Shawn Flarida steered Spooks Gotta Whiz to win individual Reining gold at the Alltech FEI World Equestrian Games™ in Parc des Expositions at Caen, Normandy tonight. (Dirk Caremans/FEI)
Normandy (FRA), 30 August 2014 – America’s Shawn Flarida galloped to gold in the Reining Individual Final at the Alltech FEI World Equestrian Games™ in Normandy tonight where US riders filled every step of the podium.
Partnering the seven-year-old Spooks Gotta Whiz, 45-year-old Flarida produced a super score of 233.5 to put the result beyond doubt when last to go. His team gold medal winning compatriots from earlier in the week, Andrea Fappani and Mandy McCutcheon, clinched silver and bronze.
Flarida’s fabulous five golds include a double at Jerez (ESP) in 2002, team gold in Kentucky (USA) four years ago and team and individual gold again at Normandy 2014. Tonight he showed the cutting edge that has kept him at the top end of his chosen sport for many years.
And Spooks Gotta Whiz produced the perfect performance to do just that. Flarida said, “Andrea put so much pressure on me as far as he went in there and marked a 230 and set the world on fire – it was definitely a lot of pressure but at the same time it was a lot of fun, just knowing that I had that horse to do what he can do.”
Rose to a climax
The whistling and cheering rose to a climax as the action played itself out in front of a packed house in the Parc des Expositions in Caen. A total of 21 made the cut into the individual medal-decider and it was America’s Troy Heikes and Lil Gun Dunit who took the early lead when posting a score of 220.5. But Germany’s Ludwig Grischa raised the bar with a great run from the six-year-old Ruf Tuf Juice, and 226.00 would leave them out in front right into the closing stages.
Great Britain’s Josh Collins was first to go in the second group of horse-and-rider combinations, scoring 218.5 with the pint-sized Spook a Little. They didn’t quite nail their first stop, but the 24-year-old who works in the family jewellery business, which includes amongst its distinguished clientele the British royal family, said, “This was our first WEG and I’m very happy,” promising to return to challenge for a medal at next year’s FEI European Reining Championships in Aachen, Germany.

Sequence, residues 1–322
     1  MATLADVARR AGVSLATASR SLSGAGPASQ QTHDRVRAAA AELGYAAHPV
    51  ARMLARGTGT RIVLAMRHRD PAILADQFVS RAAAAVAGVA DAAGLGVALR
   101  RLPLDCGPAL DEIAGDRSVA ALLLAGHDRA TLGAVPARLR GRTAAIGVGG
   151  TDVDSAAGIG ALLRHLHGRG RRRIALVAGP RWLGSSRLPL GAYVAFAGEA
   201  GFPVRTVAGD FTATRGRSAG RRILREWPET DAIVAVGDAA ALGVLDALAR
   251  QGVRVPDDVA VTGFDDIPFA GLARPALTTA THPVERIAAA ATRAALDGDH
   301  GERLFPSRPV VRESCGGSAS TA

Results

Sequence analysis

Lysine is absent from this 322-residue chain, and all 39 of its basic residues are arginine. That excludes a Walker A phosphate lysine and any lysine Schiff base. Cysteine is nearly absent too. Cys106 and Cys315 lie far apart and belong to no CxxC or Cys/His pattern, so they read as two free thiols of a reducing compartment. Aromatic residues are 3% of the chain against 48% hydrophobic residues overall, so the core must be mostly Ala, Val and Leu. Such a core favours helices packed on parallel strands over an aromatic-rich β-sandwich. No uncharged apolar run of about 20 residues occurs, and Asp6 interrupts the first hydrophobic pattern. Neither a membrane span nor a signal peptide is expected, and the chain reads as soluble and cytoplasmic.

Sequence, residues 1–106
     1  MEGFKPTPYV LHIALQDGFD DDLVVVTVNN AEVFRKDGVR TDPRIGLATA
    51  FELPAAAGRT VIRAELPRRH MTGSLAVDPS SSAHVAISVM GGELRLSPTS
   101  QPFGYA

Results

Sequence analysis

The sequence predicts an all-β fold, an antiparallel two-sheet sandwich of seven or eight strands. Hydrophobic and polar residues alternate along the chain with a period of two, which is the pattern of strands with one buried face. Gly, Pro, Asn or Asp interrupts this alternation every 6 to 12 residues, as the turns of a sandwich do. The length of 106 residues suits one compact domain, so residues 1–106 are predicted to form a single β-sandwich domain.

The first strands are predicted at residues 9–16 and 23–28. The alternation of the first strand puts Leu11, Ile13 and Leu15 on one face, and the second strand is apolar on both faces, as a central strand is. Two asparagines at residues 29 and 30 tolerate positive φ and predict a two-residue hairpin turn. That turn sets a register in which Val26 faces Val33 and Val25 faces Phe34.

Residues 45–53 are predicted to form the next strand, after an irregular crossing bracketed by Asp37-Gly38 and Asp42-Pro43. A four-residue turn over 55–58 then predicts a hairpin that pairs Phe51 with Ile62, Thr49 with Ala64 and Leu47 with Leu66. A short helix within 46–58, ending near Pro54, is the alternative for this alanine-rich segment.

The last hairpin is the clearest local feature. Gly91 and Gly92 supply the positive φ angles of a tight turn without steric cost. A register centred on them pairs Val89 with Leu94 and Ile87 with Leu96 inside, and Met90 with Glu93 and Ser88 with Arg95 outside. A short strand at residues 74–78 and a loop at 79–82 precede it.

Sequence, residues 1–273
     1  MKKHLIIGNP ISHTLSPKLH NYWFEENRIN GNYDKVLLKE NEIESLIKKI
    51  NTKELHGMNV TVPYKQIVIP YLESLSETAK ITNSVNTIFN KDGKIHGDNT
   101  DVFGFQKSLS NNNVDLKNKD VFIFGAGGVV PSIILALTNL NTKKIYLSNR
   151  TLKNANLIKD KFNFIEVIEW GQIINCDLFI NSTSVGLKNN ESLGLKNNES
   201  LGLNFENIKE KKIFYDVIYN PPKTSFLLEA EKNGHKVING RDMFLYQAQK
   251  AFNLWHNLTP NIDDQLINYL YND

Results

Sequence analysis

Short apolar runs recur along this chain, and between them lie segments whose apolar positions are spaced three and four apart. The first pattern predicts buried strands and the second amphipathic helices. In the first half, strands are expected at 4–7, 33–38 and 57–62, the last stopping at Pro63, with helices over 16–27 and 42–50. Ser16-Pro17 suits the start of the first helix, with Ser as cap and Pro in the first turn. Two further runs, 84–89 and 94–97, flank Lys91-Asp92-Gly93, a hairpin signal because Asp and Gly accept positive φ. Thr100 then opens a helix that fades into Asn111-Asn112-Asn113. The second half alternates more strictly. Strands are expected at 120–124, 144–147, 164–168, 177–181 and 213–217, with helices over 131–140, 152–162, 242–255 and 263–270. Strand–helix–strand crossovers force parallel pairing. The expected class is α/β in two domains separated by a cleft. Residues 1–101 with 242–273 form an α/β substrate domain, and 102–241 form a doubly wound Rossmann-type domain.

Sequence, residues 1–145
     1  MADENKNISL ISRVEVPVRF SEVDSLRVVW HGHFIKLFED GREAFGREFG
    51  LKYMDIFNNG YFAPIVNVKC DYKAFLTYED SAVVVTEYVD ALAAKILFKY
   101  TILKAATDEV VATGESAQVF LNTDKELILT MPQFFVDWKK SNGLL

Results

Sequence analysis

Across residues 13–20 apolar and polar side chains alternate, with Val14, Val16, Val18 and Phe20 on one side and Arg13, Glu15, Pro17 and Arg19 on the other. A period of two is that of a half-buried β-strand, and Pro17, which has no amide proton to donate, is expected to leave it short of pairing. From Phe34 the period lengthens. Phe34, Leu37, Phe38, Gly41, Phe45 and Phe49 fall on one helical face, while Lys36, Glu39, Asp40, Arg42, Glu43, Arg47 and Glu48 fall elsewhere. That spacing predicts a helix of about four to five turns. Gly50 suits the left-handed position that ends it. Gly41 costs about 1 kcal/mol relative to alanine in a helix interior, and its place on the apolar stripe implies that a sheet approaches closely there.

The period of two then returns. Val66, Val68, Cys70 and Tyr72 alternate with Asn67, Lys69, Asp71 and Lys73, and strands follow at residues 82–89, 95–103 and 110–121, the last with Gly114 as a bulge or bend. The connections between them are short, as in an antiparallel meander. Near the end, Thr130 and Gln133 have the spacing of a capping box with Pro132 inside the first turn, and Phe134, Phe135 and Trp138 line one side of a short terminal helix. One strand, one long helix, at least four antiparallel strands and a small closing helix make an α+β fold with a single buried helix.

It wasn’t until McCutcheon set off with Yellow Jersey that Grischa’s lead was seriously undermined. Family connections are everywhere in the sport of Reining, and McCutcheon’s 10-year-old stallion is owned by her parents, Colleen and Tim McQuay. Tim was a member of the winning US team at the Alltech FEI World Equestrian Games™ in Kentucky, and Mandy is married to another member of that winning side, the 2010 Individual champion Tom McCutcheon who also made it into tonight’s finale.
Her score of 227.00 put Mandy out in front until, second-last to go, Fappani set off with Custom Cash Advance who racked up a mark of 229.00.
Crowd went wild
Flarida was the only competitor to return to the ring after the last drag break, and the crowd went wild as he galloped through the entrance gate to his first halt and back up. They got even wilder as he put together four spins to the right, four and one-quarter spins to the left and then circles, fast and slow, at each end of the arena, with the lead-changes crucial to a strong score. The noise level was near-deafening as he brought the pattern to its conclusion with run downs and rollbacks before the final sliding stop. When the commentator confirmed his score of 233.5 the spectators nearly lifted the roof off the arena in a show of appreciation.
Talking about the sound level throughout the evening, Flarida said afterwards, “My horse didn’t hear my verbal cues at all; he ran in there and he had to listen to my hands and my legs. It was a blast to show here. The crowd was really into it. It was really, really neat!”
He took the time to accept congratulations from the public as he walked around the arena with his horse after completing his gold-medal-winning run. “It’s one way for us competitors to give back and say thank you for them yelling and screaming their hearts out. They’re going to be hoarse tomorrow, and we do really appreciate it. It’s really fun to see the little kids when you ride by; they’re trying to touch the horses, and we enjoy doing it,” he explained.